Courtesy of Tribune News Service

Review: 'Birds of Prey' a fun watch despite its flaws

Movie: "Harley Quinn: Birds of Prey"

Release Date: Feb. 7, 2020

Director: Cathy Yan

Runtime: 1 hour 49 minutes

Genre: Action

Rating: B-

"Birds of Prey," with great action, great visuals and a strong lead performance, is a surprisingly fun film even with its many flaws.

"Birds of Prey" acts as a quasi-sequel to 2016's "Suicide Squad" in the sense that Margot Robbie is playing the same version of Harley Quinn and the events of that film still happened in the story of this film. However, the film does what it can to distance itself from "Suicide Squad" by never directly showing Jared Leto's Joker and only mentioning the events of "Suicide Squad" in passing. It's a very smart move.

With that, the plot starts with Quinn and the Joker breaking up, making Quinn an emotional train wreck.

Seeing Quinn deal with the break-up is one the best — and most realistic — parts of the film. The film shows her sobbing, impulse buying pets and drinking her pain away at the seedy bars of Gotham.

These parts of the movie really show how perfect Robbie is for the role. Her mannerisms as Quinn feel straight out of the source material.

Besides Robbie, Ewan McGregor's Black Mask is a lot of fun to watch despite his lack of character development. 

Black Mask is written as a dastardly villain, the kind that peels people's faces off for the fun of it. However, McGregor is having so much fun playing him and hamming up the wickedness of the character that it's impossible not to enjoy any scene he's in.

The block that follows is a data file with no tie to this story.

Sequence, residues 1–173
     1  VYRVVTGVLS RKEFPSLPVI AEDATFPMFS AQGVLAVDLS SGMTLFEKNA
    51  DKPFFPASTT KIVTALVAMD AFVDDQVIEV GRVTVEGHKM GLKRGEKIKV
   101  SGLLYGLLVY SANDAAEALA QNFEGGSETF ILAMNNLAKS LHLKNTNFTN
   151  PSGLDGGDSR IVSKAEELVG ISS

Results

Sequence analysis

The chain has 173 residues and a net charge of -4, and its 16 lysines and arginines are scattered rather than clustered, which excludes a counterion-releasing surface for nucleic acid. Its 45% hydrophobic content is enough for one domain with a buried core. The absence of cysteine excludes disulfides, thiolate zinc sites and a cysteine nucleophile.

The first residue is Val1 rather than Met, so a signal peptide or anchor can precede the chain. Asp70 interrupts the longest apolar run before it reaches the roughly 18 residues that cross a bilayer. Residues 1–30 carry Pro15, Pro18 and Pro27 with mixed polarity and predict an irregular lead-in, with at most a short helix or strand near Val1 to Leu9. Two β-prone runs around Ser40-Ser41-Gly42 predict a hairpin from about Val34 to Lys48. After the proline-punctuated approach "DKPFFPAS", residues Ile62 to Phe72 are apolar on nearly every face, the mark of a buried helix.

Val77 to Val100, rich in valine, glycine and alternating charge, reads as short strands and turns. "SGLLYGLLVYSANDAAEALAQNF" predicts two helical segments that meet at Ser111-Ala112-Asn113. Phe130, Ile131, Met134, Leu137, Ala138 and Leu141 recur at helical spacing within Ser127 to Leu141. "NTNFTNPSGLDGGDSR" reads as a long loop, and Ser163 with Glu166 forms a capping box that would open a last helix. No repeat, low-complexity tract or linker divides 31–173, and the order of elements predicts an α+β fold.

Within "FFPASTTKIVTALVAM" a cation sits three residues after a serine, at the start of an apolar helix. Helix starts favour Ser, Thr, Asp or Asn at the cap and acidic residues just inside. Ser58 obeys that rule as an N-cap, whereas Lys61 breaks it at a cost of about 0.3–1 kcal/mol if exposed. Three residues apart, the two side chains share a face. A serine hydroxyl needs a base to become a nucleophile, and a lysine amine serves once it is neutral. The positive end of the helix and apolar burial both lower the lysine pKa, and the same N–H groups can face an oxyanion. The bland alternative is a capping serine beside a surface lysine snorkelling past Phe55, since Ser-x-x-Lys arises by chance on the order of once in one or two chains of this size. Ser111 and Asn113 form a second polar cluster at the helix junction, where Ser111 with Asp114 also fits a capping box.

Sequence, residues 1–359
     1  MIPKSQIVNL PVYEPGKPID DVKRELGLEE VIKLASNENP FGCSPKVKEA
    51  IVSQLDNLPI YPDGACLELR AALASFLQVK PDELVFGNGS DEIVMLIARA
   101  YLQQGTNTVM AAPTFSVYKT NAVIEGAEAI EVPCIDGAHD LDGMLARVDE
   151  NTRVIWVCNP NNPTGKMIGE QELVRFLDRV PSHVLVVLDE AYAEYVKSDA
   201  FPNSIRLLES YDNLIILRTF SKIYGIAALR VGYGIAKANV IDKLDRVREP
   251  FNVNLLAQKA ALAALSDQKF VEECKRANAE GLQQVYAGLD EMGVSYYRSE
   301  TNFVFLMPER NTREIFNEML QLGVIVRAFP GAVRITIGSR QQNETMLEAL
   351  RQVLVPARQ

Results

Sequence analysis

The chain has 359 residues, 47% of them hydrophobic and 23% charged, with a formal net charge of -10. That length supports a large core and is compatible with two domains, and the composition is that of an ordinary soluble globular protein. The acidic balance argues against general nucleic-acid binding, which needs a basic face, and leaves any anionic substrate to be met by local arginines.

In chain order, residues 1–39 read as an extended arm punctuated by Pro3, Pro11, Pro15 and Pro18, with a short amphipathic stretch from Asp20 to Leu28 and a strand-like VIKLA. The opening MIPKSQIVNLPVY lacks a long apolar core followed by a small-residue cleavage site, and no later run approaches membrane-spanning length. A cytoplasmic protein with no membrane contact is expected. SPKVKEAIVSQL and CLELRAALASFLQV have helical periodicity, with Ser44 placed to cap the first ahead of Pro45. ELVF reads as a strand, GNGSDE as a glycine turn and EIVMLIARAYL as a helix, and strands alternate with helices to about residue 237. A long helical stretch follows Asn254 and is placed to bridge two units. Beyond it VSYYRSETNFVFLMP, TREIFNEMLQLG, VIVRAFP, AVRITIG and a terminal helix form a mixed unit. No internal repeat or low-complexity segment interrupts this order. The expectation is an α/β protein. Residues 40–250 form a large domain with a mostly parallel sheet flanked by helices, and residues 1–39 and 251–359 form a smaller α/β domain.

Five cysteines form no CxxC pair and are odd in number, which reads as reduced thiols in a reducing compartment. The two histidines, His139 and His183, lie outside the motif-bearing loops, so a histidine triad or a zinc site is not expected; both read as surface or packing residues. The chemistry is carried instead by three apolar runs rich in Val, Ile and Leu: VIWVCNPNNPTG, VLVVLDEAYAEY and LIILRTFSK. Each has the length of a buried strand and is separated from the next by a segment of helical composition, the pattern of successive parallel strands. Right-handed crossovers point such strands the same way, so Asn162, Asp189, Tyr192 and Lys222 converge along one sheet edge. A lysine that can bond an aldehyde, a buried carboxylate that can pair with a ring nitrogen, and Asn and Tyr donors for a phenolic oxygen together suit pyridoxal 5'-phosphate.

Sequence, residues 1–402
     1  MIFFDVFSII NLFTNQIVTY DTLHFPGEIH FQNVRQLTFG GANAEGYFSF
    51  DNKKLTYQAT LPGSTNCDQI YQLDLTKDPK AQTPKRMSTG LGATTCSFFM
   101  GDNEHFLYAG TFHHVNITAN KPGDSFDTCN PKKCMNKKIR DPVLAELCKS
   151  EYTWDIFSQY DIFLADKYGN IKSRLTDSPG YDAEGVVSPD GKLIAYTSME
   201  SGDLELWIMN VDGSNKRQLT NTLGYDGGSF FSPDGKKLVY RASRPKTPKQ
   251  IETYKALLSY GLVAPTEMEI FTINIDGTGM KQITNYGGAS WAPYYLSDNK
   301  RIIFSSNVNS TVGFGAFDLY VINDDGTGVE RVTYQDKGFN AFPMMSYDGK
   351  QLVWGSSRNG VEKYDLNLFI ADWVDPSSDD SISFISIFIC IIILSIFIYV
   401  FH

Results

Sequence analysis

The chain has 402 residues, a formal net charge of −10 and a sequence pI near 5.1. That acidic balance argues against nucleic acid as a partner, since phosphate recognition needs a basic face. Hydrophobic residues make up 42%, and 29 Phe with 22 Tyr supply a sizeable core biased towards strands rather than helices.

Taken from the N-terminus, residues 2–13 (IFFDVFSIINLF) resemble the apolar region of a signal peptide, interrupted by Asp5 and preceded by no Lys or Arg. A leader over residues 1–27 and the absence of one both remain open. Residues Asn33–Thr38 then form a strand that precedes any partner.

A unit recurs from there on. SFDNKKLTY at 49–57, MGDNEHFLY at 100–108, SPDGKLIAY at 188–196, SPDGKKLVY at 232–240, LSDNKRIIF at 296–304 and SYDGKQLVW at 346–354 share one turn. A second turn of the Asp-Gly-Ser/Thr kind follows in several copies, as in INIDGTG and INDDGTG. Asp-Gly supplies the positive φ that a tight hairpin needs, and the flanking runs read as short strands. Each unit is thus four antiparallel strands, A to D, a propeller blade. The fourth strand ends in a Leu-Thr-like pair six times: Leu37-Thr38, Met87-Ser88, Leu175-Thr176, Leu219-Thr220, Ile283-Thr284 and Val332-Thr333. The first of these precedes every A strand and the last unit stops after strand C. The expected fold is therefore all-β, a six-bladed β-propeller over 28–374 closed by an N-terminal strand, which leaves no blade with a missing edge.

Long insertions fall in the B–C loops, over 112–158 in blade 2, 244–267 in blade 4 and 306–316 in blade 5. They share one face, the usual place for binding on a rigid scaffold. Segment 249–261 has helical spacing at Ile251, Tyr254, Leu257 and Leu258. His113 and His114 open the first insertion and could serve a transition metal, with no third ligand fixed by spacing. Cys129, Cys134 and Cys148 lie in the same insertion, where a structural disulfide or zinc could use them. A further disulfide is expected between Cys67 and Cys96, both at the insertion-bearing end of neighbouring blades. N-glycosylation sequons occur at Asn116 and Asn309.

Unfortunately, the rest of the cast doesn't get much screen time, and when they do, the scenes without Quinn or Black Mask are uninteresting. The only other character that really stands out is Mary Elizabeth Winstead's Huntress, but again, she doesn't get much screen time. 

It's odd that a movie named "Birds of Prey" is more focused on Quinn than the actual Birds of Prey. Interestingly, the film has been renamed since release to "Harley Quinn: Birds of Prey," which is much more apt. 

The plot of the movie isn't anything special. The characters all have a limited time to obtain a particular item, which inevitably causes them to cross paths. Though, to be fair, the plot isn't the reason anyone should watch this film.

Despite the standard story, some of the themes of the movie are done very well. The overall theme of female empowerment is particularly good, especially when considering it's a comic book movie.

The film's best decision was to hire the fight choreographer from the "John Wick" films, Jonathan Eusebio. 

The fight scenes in this film are fun to watch. They're bright, colorful and bombastic, but they're not hard to watch, and it's easy to tell what's going on. The final fight, which takes place in a funhouse with Quinn on roller skates, accented with Heart's "Barracuda," is one of the best fight scenes from any DC movie.

With the bright colors and overall zaniness, the film is captivating. It even has a scene with an egg sandwich being cooked that contains such detail that it could rival something out of the Food Network. That scene would truly be something mesmerizing under the influence.

"Birds of Prey" certainly has its flaws, but it is still a fun watch that's hard not to enjoy.


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